As a Georgia injury lawyer with a statewide practice, I often handle cases involving issues for out of State clients. One of the Texas personal injury attorney that we work with, the Grossman Law Offices, PC, and I got to talking the other day about the Statute of Limitations and how they differ for each state.
As it turns out, the Texas Statute of Limitations for injury cases is generally two years, much the same as Georgia. TEX. CIV. PRAC. & REM.CODE ANN. § 16.003 Texas has the same rules that allow minors to reach the age of majority before the clock begins to run. It does not appear that Texas has the tolling provision that we currently have in Georgia where a Plaintiff in a case stemming from a crash with a traffic citation or a crime has the two years plus the days it takes for the ticket or criminal case to be resolved.
Georgia and Texas medical malpractice requirements are somewhat similar in that in Georgia, the medical expert affidavit must be attached to the complaint while in Texas, the plaintiff must supplement an expert report within 120 days of filing a lawsuit or their claim will be barred. Texas wrongful death lawyers are apparently loathe to touch these cases if the plaintiff is close to the deadline.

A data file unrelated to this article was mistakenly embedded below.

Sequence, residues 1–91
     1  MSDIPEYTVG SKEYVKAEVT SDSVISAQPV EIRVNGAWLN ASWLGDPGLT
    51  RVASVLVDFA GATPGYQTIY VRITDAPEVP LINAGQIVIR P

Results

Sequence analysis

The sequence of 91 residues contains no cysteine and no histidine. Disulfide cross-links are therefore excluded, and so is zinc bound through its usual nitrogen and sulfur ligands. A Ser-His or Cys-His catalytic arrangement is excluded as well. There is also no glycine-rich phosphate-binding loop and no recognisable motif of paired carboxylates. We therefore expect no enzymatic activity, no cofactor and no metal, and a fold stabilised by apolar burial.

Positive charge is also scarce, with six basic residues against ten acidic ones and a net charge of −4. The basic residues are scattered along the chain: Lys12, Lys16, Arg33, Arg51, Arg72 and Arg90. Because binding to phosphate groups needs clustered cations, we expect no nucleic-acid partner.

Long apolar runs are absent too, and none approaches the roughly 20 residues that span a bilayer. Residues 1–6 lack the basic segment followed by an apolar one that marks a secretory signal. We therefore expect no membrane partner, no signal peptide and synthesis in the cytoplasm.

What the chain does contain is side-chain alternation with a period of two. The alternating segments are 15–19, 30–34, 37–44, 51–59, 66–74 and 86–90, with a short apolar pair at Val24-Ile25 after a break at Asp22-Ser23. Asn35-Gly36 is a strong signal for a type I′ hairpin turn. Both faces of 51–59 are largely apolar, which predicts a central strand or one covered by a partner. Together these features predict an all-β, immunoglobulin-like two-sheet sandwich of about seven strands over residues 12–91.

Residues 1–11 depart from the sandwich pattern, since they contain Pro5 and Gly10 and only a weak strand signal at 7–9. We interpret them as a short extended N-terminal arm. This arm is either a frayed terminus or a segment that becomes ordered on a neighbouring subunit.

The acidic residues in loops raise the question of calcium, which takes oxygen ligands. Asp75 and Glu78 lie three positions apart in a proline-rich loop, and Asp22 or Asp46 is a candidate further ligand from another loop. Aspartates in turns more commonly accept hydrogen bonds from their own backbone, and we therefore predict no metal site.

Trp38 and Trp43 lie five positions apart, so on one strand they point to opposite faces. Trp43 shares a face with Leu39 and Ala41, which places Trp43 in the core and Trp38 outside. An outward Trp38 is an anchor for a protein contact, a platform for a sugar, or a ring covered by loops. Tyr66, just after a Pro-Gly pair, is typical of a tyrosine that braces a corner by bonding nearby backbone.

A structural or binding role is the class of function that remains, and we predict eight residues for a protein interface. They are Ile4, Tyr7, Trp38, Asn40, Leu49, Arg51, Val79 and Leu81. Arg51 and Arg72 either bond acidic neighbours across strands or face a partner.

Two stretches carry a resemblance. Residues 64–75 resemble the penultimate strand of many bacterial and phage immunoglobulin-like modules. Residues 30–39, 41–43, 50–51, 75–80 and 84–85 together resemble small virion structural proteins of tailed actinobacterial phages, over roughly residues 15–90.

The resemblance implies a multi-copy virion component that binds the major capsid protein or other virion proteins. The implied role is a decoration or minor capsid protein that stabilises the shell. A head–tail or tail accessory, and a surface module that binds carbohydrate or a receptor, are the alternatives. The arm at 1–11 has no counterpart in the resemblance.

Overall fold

In Texas, when it comes to injuries from prescription drugs, the plaintiff’s window to bring the claim starts to run when the plaintiff knew or should have known about the drug’s harmful side effects.
Another place where Texas is similar to Georgia is in the field of the statute of limitations for worker’s compensation law. In Texas, the injured worker must notify their employer that they were injured within 30 days of the date of injury or they are barred from pursuing a claim. That is also true in Georgia. In Georgia, you must also file your form WC-14 complaint within one year of the last medical treatment.
Remember that if you have a personal injury or workers compensation claim, your claim is subject to these statutes of limitations and missing them is deadly. Be sure to call and speak to a lawyer and don’t just “google” an answer.